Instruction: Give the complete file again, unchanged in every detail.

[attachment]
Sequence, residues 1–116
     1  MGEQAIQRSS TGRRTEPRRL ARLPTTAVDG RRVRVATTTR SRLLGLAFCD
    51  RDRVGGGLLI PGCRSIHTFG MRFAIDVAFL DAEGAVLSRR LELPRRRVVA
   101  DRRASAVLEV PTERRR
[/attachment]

Sequence, residues 1–116
     1  MGEQAIQRSS TGRRTEPRRL ARLPTTAVDG RRVRVATTTR SRLLGLAFCD
    51  RDRVGGGLLI PGCRSIHTFG MRFAIDVAFL DAEGAVLSRR LELPRRRVVA
   101  DRRASAVLEV PTERRR